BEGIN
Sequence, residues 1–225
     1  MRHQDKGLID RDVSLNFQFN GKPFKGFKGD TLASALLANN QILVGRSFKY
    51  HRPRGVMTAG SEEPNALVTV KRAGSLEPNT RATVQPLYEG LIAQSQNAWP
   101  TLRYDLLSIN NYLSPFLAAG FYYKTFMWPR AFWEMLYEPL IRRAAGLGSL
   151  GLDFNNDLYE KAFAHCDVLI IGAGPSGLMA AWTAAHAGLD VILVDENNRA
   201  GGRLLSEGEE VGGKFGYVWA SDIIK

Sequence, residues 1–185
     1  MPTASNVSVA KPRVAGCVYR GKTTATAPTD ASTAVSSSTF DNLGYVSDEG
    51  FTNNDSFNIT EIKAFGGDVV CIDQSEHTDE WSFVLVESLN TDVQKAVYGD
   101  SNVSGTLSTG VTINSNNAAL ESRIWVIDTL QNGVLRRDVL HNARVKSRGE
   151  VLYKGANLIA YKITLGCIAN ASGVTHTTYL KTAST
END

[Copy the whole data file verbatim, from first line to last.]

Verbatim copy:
Sequence, residues 1–225
     1  MRHQDKGLID RDVSLNFQFN GKPFKGFKGD TLASALLANN QILVGRSFKY
    51  HRPRGVMTAG SEEPNALVTV KRAGSLEPNT RATVQPLYEG LIAQSQNAWP
   101  TLRYDLLSIN NYLSPFLAAG FYYKTFMWPR AFWEMLYEPL IRRAAGLGSL
   151  GLDFNNDLYE KAFAHCDVLI IGAGPSGLMA AWTAAHAGLD VILVDENNRA
   201  GGRLLSEGEE VGGKFGYVWA SDIIK

Sequence, residues 1–185
     1  MPTASNVSVA KPRVAGCVYR GKTTATAPTD ASTAVSSSTF DNLGYVSDEG
    51  FTNNDSFNIT EIKAFGGDVV CIDQSEHTDE WSFVLVESLN TDVQKAVYGD
   101  SNVSGTLSTG VTINSNNAAL ESRIWVIDTL QNGVLRRDVL HNARVKSRGE
   151  VLYKGANLIA YKITLGCIAN ASGVTHTTYL KTAST